Theories such as “moon navigation” and “flight to light” have explained why nocturnal insects fly erratically around fires and lamps. However, the cause of this strange behavior remains to be resolved, as he lacks three-dimensional flight data to rigorously test these theories.
A new study by researchers at Imperial College London uses high-resolution motion capture in the laboratory and stereo videography in the field to reconstruct the 3D kinematics of insect flight around artificial light. Did. They shot slow-motion video and analyzed it to gain new insights into why nocturnal insects gather around lights.
Researchers found that flying insects are not attracted to the light, but instead assume that the light is the sky and therefore a path “up”, causing them to become disoriented, which causes them to crash. did.
Dr Samuel Fabian, from Imperial University’s School of Biotechnology and lead author of the study, said: “We wanted to understand why insects cannot resist flying into and around potentially deadly light sources. It may help us better understand the impact.”
In a field experiment in Costa Rica, researchers used video analysis to find that, contrary to existing theory, insects are not attracted to light from a distance. Instead, they become trapped when flying near artificial light sources.
This study revealed that insects face the dorsal (top) side toward the light source. This helps maintain good flight control in natural light, but when approaching artificial light it ends up maneuvering around the light source and becoming continually trapped.
In addition, the researchers observed three unusual behaviors: circling (a steady circular flight around the light), stalling (a sudden jump that gradually reduces speed until no movement is observed), and reversals (the insect flips over). return and crash). Insects often stand up under the light, even if it leads to a collision, repeating the process of climbing onto the light and inverting again, consistently pointing their dorsal axis toward the light source.
Researchers from the lab at Imperial College London attached location markers to five species of insects: the darter dragonfly and the migratory hawker dragonfly, the yellow underwing and low-winged atlas moth, and the oleander moth. Motion capture cameras tracked movement around various light sources, including UV LED bulbs, UV-Blue light tubes, and cool-white LED bulbs.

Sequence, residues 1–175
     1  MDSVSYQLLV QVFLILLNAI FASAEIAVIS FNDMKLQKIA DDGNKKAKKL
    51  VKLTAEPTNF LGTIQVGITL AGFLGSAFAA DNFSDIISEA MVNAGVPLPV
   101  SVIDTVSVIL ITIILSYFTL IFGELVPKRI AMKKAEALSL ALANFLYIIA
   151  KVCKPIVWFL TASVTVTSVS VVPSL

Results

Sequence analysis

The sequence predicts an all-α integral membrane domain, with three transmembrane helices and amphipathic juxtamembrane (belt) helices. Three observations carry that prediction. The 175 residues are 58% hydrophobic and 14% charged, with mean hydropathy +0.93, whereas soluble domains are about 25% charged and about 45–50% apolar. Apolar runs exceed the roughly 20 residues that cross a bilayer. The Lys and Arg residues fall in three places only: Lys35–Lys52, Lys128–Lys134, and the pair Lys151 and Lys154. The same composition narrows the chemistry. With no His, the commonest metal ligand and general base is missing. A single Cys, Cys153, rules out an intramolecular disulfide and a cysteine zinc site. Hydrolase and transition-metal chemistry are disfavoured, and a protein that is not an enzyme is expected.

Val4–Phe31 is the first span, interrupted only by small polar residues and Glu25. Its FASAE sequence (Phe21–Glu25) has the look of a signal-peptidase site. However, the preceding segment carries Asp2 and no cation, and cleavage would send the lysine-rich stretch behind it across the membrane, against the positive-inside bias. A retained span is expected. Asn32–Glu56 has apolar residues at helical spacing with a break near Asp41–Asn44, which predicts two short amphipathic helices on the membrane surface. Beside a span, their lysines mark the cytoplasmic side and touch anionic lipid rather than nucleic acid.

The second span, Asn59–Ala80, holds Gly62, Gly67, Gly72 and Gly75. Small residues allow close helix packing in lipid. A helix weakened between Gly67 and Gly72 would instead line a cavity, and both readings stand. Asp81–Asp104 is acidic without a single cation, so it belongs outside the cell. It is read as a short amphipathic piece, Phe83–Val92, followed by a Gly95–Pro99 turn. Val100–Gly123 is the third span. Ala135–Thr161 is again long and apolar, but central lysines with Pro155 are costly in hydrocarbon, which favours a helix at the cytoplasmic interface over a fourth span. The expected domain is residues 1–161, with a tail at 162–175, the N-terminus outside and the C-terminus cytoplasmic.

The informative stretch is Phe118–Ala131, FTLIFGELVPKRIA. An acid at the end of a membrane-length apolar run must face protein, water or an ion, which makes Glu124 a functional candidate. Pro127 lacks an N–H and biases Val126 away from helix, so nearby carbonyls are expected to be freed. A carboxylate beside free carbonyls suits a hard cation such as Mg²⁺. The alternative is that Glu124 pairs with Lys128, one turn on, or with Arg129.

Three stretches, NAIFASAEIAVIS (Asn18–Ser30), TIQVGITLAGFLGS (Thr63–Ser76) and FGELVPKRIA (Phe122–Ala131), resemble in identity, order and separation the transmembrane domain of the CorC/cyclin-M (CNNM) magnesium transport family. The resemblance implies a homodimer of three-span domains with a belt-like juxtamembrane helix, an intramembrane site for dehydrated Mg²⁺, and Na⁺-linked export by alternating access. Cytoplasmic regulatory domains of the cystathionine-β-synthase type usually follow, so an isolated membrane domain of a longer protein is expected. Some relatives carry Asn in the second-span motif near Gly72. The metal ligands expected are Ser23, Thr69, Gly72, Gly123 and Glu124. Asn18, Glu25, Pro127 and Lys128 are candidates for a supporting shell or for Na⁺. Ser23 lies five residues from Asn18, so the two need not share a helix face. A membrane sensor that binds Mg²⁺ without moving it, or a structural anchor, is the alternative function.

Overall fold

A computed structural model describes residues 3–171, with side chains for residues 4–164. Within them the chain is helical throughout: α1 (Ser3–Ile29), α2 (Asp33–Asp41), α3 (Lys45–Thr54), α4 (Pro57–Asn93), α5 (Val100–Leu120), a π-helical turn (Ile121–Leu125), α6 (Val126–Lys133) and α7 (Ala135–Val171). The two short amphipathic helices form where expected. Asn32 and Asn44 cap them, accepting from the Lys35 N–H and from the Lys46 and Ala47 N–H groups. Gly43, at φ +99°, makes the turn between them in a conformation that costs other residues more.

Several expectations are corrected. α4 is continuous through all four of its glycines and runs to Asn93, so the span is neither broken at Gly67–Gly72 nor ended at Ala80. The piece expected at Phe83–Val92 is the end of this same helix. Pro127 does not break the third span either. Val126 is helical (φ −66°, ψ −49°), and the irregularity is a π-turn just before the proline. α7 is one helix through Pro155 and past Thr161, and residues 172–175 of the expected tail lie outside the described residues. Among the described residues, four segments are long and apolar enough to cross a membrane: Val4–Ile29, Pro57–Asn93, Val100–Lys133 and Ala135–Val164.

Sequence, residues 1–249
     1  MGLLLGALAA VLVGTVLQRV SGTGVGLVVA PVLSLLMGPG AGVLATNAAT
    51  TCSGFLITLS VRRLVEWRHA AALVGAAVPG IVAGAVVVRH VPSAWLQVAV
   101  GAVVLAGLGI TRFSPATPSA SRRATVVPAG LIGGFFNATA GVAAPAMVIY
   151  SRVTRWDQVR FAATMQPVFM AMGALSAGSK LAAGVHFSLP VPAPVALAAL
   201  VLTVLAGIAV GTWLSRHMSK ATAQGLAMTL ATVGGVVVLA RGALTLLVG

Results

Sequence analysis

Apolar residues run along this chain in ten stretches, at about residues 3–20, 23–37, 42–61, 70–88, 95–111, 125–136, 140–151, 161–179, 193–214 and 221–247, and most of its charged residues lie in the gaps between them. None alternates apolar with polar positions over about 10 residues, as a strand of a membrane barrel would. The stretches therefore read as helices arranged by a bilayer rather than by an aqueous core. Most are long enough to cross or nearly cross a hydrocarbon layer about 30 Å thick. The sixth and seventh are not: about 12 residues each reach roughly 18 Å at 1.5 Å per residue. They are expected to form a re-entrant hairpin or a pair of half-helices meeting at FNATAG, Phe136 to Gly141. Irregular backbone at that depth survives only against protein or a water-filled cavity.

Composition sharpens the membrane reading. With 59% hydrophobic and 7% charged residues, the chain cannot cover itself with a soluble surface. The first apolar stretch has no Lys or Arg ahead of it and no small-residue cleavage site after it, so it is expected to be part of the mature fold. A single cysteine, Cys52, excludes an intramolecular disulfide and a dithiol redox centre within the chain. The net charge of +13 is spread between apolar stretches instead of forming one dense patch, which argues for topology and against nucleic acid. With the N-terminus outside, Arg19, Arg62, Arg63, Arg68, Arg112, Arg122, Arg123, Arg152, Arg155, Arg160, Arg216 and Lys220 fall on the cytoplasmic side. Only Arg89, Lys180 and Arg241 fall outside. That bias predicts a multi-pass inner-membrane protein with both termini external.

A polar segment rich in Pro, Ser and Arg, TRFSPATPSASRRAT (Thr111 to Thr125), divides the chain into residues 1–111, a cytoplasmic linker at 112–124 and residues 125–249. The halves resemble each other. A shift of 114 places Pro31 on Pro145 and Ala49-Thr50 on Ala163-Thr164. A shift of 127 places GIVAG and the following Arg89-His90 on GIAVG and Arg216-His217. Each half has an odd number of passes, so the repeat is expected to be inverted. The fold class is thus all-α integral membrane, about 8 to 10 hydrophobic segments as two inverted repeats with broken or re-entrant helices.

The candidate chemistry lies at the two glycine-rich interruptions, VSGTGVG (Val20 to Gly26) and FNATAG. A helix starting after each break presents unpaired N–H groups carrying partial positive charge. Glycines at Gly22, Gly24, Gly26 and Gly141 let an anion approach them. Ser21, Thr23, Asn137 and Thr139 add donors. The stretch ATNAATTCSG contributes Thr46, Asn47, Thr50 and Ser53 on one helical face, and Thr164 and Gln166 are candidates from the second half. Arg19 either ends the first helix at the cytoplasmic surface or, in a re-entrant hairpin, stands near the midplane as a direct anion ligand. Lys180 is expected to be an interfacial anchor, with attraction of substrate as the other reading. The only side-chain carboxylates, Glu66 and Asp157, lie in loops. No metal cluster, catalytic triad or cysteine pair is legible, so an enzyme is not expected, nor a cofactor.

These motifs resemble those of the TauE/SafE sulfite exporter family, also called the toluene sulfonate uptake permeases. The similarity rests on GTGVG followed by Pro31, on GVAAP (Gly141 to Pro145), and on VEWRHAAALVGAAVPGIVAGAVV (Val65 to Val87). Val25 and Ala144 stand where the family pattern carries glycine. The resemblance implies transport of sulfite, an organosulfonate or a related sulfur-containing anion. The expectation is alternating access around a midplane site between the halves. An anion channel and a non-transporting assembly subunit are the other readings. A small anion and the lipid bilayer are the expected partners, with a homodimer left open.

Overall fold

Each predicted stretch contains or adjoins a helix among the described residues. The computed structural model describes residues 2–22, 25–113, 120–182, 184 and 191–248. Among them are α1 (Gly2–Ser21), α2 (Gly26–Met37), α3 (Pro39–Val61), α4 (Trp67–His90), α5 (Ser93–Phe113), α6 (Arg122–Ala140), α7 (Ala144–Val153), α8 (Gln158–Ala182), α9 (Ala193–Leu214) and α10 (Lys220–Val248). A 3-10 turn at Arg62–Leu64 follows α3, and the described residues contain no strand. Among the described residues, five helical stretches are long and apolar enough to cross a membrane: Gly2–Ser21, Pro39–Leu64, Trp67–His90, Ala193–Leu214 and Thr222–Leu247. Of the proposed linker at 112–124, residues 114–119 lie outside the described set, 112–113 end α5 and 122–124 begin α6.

The study found that the light source has a significant effect on the insect’s ability to control orientation, particularly its ability to lean toward the light.
The researchers used computer modeling to analyze insect behavior. They decided that leaning toward the light was enough to explain the seemingly erratic flight patterns observed near the light. The researchers say this model is the most plausible explanation for why flying insects are attracted to artificial light.
Dr. Fabian said: “Flying animals especially need a reliable way to determine their orientation relative to the direction of gravity.
“With the help of new technology that allows us to track the movements of small insects under difficult and dark conditions, we were able to understand how these insects behave around different light sources.”
There has been a significant increase in artificial light at night, including streetlights, residential and commercial building lights, and vehicle lights. Researchers believe that minimizing unnecessary unobstructed upward light and ground reflections can reduce their impact on night-flying insects, especially when artificial light sources overwhelm natural light from the sky. He emphasizes that it can be reduced.
Dr. Fabian added: “I hope this study makes us think again about the light we cast at night. Light at night is pollution and we have to think of it that way. Just by covering it up and limiting it. , could dramatically improve the lives of nocturnal wildlife.
“The next important step in this research is to understand how the night-time light effect changes with distance. We can tell what’s happening at 1 meter from the light, but we can’t see what’s happening at 100 meters. Is that happening?”
- Fabian, S. T., Sondhi, Y., Allen, P. E., et al. Why flying insects are attracted to artificial light. Nat Commun 15, 689 (2024). Doi: 10.1038/s41467-024-44785-3